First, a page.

I’ve been reviewing horror again. This time in the form of new scary flick, “You’re Next”. It’s kind of like “The Strangers” but not.
If I (in all my scary movie loving glory) were to unearth a film from yesteryear that I would recommend to my readers to watch, it’d be “The Strangers”. It’s hardly yesteryear given that it was released in 2008, but I would place it firmly in the horror classic backcatalogue, alongside “real” classics like “The Exorcist” or “The Shining”. What was marvellous about this film was the fantastic non-complexity of it: a man, a woman, a remote house, 3 weirdos in masks, nighttime. Done. That’s all you require if you’ve got a sharp script, excellent cinematography, great direction and superb acting.
It’s safe to say that “The Strangers” is a relatively quiet movie – there’s a lot of ramped up, tense moments. There is horror in the non-obvious instances – for example the moment when Liv Tyler is standing quietly in the living room and the masked face of a man (who is essentially wearing a bag on his head with black, soulless eye holes cut into it) appears silently behind her, watching her through the patio doors.
“The Strangers” was all about home invasion, which is one of the most terrifying contexts that any horror movie can put in place. Follow this formula – person in house, stalked by external force – and you’re onto a winner. Follow this formula well, and you’re onto a classic. I think it flips the notion that in most normal slasher films, someone is being chased/stalked/whatever, and their goal is to run home, slam the door, and be safe. Home invasion set-ups demonstrate that even at home, you’re not safe. This idea plays on the fact that someone is entering your haven, taking over the place that you are in control of, and threatening your life. If you’re not safe in your own home, where are you safe?
Going back to films such as “The Shining” or “The Exorcist”, these stories both place their victims into locations that they consider to be safe. Here, they are haunted from within (in these examples by a father possessed by ghosts, and a daughter possessed by the devil). Movies such as “Psycho” evolved the whole “motel concept”. The motel room was the “home” in this instance, and Janet Leigh was attacked when someone encroached on it. The best modern-day version of this concept lies in 2007s “Vacancy” which, again, was excellent. Films such as “Last House On The Left” portrayed another unique concept – killers being invited into a home. Then of course there’s “Halloween”, which sees a stalker break into a house, and “Scream” which is similar. The opening sequence to “Scream” is an ingenious depiction of home invastion – girl on phone, alone in big house, she is told that she is being watched, she must lock the doors and pray for daylight. Should she or shouldn’t she go outside and help her boyfriend who is tied to a chair by the swimming pool? This “phonecall concept” was also fantastically delivered in both the 1979 and 2006 remmake of “When A Stranger Calls”.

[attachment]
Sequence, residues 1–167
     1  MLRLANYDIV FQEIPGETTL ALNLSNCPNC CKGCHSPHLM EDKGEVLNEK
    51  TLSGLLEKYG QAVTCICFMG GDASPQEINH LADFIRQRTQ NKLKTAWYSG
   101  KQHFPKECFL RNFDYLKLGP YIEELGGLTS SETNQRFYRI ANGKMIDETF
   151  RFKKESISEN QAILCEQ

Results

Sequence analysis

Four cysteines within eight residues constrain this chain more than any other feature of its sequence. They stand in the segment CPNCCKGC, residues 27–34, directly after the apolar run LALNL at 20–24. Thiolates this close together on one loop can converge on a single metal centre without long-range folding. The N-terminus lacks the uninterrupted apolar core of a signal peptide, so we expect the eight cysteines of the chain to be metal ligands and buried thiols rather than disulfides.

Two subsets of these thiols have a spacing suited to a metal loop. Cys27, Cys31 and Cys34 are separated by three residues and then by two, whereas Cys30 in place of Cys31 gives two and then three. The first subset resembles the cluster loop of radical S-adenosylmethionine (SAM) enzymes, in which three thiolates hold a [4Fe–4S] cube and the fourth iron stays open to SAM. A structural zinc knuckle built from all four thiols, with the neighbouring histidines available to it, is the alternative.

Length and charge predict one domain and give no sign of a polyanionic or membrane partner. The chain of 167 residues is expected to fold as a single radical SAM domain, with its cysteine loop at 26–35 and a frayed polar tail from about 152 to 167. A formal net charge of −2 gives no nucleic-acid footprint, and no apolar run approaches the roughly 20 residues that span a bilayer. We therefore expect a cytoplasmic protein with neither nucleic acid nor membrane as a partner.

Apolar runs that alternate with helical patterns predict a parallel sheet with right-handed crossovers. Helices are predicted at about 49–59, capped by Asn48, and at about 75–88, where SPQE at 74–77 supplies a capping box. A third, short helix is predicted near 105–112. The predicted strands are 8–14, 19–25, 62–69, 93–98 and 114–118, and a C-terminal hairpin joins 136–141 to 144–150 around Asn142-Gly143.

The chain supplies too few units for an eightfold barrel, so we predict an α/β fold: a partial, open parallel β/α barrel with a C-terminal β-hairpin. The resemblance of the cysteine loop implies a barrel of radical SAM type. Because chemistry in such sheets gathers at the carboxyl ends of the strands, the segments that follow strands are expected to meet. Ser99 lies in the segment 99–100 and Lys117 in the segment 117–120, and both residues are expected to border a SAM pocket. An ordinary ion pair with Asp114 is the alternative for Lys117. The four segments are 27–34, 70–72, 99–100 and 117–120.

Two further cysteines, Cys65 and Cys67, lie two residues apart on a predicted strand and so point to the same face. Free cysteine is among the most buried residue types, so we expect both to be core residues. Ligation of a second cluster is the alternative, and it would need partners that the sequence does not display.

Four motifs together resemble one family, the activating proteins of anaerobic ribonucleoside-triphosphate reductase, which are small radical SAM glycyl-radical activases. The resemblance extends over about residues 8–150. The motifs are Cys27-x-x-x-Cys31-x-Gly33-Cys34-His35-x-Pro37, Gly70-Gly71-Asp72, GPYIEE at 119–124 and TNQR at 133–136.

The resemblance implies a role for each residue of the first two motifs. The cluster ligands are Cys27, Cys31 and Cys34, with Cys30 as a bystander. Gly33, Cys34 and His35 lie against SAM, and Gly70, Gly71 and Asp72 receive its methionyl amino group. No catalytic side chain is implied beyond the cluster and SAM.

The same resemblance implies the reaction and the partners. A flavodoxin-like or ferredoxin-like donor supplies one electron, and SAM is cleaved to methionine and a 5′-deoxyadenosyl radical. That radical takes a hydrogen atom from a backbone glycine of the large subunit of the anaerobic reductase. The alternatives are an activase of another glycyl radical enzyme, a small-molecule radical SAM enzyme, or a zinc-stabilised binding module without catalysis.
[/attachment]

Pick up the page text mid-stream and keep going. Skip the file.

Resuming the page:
I rave about “The Strangers” because it was fast-paced when it needed to be but for the most part understated and eerie. The weird girl that shows up on the couple’s doorstep is enough to set the tension going – she stands quietly on the doorstep, asking “is Tamara home?”, not elaborating on who Tamara is, with the sound of the crickets chirping from the distant lawn behind her. Then there are loud bangs on the door, which cut through the silence like a blade; the record player gets stuck at one stage, repeatedly playing the screechy tones of Gillian Welch’s “My First Lover”, positively tingling your spine; and then slowly but surely the masked figures from outside begin to attack in what is a cleverly designed sequence that spans for the remainder of the movie. I can’t stress what an effective film this is.
“You’re Next” follows the same recipe and is a very good film, with lots of nice moments, but it isn’t a patch on “The Strangers”. So my old school/new school horror recommendation in this week’s blog post is to check out “You’re Next” if you’re looking for something sinister to catch at the cinema this weekend, and to undoubtedly get your hands on a copy or a download of “The Strangers” at some point if you want to see classic modern horror at its best.